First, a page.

I have received the first two cards a lot since I bought this deck. Still, I took the time to look at the imagery of the Athame and write down the impressions I felt it was speaking to me. Specifically, my notes indicated, “change and transformation; creating own world.” This is the usual interpretation I receive from this particular card since I hardly, if ever, remind myself that I can create the world I want to live in. As much of a Leo as I may be, I still very much go with the flow and allow the punches to keep on coming to the point where I feel beaten down and trodden over. It’s only then that I begin to feel like I need to fight back. This card, in every reading and in this one, is a constant reminder that I need to stop letting everyone and everything walk all over me. I need to not be impulsive, per se, but I need to remember that I have the power, the ability, and the wherewithal to fight back.

I looked over the Air card and wrote down the impressions I gleaned from this reading. Specifically, my notes indicated, “actions to establish ideas and make them form in the conscious mind.” This is a problem that I have. While I may have ideas on what path I want to walk down or which direction I want my life to go down, I often feel adrift and incapable of making a conscientious decision. Too often, I take as much advice as I can from every possible quarter, both myself and my netjeru and the lwa and my friends and my family, and then never actually end up making a clear decision because every ounce of advice is clamoring in my mind. I definitely need to be able to not only carve out my own world, but to also feel that world solidify in my own mind’s eye so that I can make it happen.

The final card I honestly don’t remember having received at all, ever. Intrigued, I studied the imagery within the card and then began to take notes on what I felt it meant in this reading. Specifically, my notes indicated, “drawing upon both inner and outer resources to see something through; mastery of a subject.” I have to admit that after taking notes on this final card, I was heartily amused and it felt right. This final card was reminding me that while I am often too busy taking advice from every possible quarter, and I absolutely should do that. I forget to form all of that advice into a cohesive and solitary unit and create the world I want to live in from what I have created. Easily, I was able to see the general confluence of cards here to see what I needed to look for in the herbs I was going to select for the lave tet.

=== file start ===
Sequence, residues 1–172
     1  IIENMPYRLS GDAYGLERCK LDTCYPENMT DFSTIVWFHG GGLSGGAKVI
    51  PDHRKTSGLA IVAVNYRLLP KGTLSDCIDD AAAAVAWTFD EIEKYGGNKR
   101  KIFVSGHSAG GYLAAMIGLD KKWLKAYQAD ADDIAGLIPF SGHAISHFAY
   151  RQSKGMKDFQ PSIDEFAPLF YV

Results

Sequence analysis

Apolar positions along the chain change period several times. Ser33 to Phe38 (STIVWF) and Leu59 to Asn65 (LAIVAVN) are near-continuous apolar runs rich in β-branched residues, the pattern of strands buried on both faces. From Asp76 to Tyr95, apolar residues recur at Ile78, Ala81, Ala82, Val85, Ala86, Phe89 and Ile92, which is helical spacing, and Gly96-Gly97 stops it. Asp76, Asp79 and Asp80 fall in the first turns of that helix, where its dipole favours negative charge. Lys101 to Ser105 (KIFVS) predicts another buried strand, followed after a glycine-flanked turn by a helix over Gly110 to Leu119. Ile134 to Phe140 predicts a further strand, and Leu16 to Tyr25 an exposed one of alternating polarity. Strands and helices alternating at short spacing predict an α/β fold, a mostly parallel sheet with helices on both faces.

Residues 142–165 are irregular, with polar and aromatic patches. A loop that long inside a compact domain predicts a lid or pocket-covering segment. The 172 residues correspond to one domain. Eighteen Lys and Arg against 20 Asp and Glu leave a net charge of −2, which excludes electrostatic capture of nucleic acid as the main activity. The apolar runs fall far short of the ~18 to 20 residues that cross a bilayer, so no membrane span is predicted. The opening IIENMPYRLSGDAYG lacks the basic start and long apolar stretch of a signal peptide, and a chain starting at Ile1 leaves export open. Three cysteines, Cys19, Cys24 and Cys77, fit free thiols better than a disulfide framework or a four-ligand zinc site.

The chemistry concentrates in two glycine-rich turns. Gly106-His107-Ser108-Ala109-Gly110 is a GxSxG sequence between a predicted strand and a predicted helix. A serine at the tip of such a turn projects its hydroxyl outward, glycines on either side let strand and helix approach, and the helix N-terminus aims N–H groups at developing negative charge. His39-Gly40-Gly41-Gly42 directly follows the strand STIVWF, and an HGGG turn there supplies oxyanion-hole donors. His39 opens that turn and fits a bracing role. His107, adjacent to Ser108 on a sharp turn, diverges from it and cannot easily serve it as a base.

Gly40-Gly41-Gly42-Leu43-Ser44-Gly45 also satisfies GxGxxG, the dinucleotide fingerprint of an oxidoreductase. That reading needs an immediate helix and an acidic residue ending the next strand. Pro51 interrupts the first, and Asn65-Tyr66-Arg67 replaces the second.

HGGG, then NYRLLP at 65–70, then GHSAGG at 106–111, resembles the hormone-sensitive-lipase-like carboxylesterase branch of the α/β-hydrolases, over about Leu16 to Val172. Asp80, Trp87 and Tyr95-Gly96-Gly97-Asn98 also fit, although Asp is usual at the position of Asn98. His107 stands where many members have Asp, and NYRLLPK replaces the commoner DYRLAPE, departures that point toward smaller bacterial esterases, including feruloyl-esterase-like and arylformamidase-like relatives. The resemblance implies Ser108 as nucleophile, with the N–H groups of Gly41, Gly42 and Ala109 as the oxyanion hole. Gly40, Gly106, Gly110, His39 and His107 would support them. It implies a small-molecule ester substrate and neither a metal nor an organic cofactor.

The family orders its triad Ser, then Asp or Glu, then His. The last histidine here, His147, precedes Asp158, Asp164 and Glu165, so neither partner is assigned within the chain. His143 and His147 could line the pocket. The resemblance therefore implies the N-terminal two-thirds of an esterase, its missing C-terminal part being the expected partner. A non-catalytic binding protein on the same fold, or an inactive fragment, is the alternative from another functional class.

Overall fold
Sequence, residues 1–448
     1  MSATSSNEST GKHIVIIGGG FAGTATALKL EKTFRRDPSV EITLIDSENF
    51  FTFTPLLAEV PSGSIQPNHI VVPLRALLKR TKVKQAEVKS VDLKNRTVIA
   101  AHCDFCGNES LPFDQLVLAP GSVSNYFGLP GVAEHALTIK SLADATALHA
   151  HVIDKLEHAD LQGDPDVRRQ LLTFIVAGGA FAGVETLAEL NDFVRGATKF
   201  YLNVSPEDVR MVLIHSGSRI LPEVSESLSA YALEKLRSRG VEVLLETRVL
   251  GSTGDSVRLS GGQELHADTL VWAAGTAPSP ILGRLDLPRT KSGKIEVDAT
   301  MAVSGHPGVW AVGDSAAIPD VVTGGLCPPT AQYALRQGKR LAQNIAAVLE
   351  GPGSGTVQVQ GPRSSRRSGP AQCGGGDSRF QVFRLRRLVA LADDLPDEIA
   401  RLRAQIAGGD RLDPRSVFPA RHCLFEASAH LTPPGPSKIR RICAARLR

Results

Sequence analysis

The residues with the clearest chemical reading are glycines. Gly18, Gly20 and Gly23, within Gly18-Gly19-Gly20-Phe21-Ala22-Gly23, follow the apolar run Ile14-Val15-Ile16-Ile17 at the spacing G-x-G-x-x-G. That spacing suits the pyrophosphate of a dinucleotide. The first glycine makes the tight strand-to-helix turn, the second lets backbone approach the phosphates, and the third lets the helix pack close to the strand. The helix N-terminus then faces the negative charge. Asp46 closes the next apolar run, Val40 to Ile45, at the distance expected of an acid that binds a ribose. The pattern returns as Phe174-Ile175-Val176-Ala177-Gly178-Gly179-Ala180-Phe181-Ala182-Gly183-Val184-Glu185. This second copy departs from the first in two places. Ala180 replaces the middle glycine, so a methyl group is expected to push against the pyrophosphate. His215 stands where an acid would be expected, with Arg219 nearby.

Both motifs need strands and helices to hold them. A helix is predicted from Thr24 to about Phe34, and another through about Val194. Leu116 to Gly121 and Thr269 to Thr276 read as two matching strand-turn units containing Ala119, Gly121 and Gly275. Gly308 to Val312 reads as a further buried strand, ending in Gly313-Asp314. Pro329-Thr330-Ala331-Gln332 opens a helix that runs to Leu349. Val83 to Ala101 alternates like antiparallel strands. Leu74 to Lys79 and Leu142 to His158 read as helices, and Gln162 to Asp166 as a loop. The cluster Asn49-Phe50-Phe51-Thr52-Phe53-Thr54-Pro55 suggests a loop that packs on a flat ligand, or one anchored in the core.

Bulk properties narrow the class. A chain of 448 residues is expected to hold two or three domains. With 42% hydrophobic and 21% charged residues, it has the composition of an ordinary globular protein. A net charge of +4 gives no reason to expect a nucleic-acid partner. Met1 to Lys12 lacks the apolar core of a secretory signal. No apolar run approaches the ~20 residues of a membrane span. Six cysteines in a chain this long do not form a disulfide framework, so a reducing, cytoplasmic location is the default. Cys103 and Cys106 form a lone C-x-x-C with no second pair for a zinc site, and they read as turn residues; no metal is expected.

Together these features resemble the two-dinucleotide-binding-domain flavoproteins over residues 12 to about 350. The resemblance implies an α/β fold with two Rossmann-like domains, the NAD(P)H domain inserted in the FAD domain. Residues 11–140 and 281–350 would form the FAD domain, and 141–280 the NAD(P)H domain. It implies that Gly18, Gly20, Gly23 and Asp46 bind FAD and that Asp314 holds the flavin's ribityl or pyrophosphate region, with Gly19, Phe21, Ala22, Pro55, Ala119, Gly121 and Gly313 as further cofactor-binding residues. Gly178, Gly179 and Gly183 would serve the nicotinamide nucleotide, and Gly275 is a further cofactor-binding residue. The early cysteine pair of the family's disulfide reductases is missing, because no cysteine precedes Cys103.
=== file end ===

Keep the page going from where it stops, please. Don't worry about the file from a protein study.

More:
Bless this task which you have set forth for me,  O Legba!

Bless this task which you have set forth for me, O Legba!

I needed herbs for strength and better control over my own mind. I also needed herbs to manifest what I want in my life. I also added some herbs into it to help connect on a more psychic level (I really hate that word, but it’s the best I can do) so that I can better use my mind’s eye to bring into focus what I want to have happen. This wasn’t just about working with heka and magic, although I’ve noticed my life becoming more and more closely tied to both. It was also about manifesting what I want my mundane life to look like. So, with some cool water, I created a blend of herbs that called out to me. When they all passed the smell test – from a friend of mine who always instructed that whatever herbs I choose should end up smelling good for me when I mix them together – I added some Florida water to the watery blend so that I could better connect with Papa Legba.

I then left it upon my altar so that Papa Legba could do what he may need to do in order to make this a thing.

Today, I am a busy little bee. I am planning on going to the movies with the Hubby. And I also am planning on making 21-pepper rum in celebration of Fet Guédé, as well as doing a ceremony at my favorite cemetery for the Guédé. I also have a few plans to do some readings for friends with the Guédé to night, as well. After it is all over, I will listen to calming music and allow the wash I have crafted to do its work before going to bed tonight, with hair wrapped in a clean white towel to keep the power of that wash on my head.

Here’s to exciting prospects and fascinating new avenues.

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3 thoughts on “All Saints’ Day 2013 (SVP).

  1. A head wash is probably something I could use. Thanks for the inspiration.

    Catholicism is funny the way it draws attention from those who are not Catholics. It’s mysterious that way. I was raised Catholic and so I am hopelessly tied to the practices no matter what path I have explored. All the solemn rituals, the saints (my childhood heroes) and gothic churches, candle lit and smelling of incense. I can’t get enough of that, not to mention The Virgin Mary (my adopted mother) never let me stray too far by granting me a miracle or two. I’ve always managed to work it into my beliefs and practices and I separate the stuff of The Church from the religion and its practices. It is a secret society, after all…

    • You’re welcome.

      I’m glad you’ve been able to work your background into your current traditions. It’s always nice to know that it is possible to blend things.

  2. Pingback: Epiphany. | Mystical Bewilderment